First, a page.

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31.01.2020 Business & Finance

Public Debt Balloons To ¢214.9bn; Borrows ¢6.3bn In Two Months

Public Debt Balloons To ¢214.9bn; Borrows ¢6.3bn In Two Months
LISTEN JAN 31, 2020

Ghana’s total public debt stock increased by GHS6.3 billion in two months from September and November 2019 to reach GHS214.9 billion as at the end of November 2019.

This is about US$39.0 billion but lower than the September debt of US$39.2 (GHS208.6 billion) because the cedi, since the beginning of the year, had increased in value to the US dollar by 0.3%

According to the latest Summary of Economic Financial Data for January, the present public debt of the country is equivalent to 62.1% of Gross Domestic Product.

In September 2019, the public debt stock stood at 60.3 per cent of GDP.

Since President Nana Akufo-Addo assumed the Presidency three years ago, Ghana’s debt stock has increased by about GS86.6 billion.

Some economists and market watchers have described the rate and quantum of borrowing by the government as alarming and warned that it could plunge the nation into an economic crisis if care is not taken.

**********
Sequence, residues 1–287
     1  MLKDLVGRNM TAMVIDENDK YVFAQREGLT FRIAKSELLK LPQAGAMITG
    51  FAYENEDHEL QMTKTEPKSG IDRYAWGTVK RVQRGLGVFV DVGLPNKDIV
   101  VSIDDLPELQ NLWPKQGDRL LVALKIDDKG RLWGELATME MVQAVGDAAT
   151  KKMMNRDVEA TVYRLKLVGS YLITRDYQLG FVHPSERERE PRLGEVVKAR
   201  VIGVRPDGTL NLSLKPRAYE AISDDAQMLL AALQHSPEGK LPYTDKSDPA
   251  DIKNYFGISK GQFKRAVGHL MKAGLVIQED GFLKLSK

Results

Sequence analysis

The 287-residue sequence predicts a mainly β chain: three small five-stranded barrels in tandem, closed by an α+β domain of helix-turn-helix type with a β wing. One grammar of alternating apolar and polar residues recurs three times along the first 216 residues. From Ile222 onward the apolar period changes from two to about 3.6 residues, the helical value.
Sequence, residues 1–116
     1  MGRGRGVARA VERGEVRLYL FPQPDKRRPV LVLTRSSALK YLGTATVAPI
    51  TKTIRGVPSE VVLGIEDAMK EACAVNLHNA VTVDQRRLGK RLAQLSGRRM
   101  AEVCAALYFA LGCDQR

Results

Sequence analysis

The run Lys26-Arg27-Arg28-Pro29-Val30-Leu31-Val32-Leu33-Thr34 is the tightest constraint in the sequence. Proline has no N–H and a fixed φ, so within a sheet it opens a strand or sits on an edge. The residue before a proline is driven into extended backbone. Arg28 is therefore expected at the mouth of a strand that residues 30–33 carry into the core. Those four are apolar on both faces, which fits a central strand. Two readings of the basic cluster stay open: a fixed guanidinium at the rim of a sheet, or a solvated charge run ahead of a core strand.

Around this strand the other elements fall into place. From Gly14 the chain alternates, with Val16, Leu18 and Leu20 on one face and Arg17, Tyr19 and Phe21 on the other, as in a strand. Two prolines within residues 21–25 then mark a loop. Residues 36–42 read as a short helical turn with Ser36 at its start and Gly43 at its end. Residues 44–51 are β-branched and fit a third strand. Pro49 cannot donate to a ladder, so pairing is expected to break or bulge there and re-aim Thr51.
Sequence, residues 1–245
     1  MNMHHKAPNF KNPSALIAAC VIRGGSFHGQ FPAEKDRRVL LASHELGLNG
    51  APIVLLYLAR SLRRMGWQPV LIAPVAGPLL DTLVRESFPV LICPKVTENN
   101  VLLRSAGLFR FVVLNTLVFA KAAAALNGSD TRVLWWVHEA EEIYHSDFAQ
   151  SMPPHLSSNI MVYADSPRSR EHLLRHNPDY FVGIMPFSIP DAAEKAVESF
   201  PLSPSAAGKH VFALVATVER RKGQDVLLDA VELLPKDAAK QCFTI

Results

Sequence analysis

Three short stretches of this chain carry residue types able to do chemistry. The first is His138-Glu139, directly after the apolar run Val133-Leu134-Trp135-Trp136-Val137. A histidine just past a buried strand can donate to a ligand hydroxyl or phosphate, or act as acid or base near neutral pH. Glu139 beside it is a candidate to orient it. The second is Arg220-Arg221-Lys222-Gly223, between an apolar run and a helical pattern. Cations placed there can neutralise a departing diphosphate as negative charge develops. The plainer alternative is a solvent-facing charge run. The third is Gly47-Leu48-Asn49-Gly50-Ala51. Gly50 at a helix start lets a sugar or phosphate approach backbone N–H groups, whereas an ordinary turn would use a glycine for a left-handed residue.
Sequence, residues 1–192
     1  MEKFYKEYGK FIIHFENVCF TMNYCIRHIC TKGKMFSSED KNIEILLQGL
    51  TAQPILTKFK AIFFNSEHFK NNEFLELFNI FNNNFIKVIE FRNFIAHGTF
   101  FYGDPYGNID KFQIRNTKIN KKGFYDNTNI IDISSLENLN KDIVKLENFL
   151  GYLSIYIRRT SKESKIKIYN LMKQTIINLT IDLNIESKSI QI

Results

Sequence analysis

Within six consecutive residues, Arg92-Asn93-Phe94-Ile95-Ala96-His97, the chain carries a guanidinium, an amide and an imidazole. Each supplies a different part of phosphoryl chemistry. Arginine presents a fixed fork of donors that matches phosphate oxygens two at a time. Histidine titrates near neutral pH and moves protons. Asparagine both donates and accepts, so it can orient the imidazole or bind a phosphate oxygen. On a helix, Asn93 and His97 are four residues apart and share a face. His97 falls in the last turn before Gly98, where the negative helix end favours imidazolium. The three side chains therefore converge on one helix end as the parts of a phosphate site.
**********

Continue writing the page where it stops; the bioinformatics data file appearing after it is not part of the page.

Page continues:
In December 2016, Ghana’s debt was GHS122, representing about 62% of GDP. This was based on the old economic value of the country.

However, at the end of September 2019, Ghana’s public debt was about GHS208.6 billion, representing 60.3% of GDP due to the rebasing of the Ghanaian economy.

Of the total debt stock, domestic debt was GHS101.4 billion, of which GHS11.2 billion (3.8 per cent of GDP) represented bonds issued to support the financial sector clean-up, while external debt was GHS107.2 billion.

Comparatively, Ghana’s debt stood at GHS42 billion in 2012. In 2008, Ghana had borrowed about GHS9 billion.

The above figures showed that former President John Mahama’s administration borrowed about GHS80 billion while in office.

Largely, the monies borrowed are used to repay maturing debts (interest and sometimes principal) with little going into infrastructural projects. The arguments are that the borrowed funds are used for consumption purposes instead of capital projects.

The International Monetary Fund has also warned that Ghana has a high risk of becoming a debt-distressed country.

According to the Bretton Wood institution, the Debt Sustainability Analysis is mainly driven by debt service to revenue exceeding the threshold throughout the forecast horizon, though all other indicators also exceed their thresholds at some point over that horizon.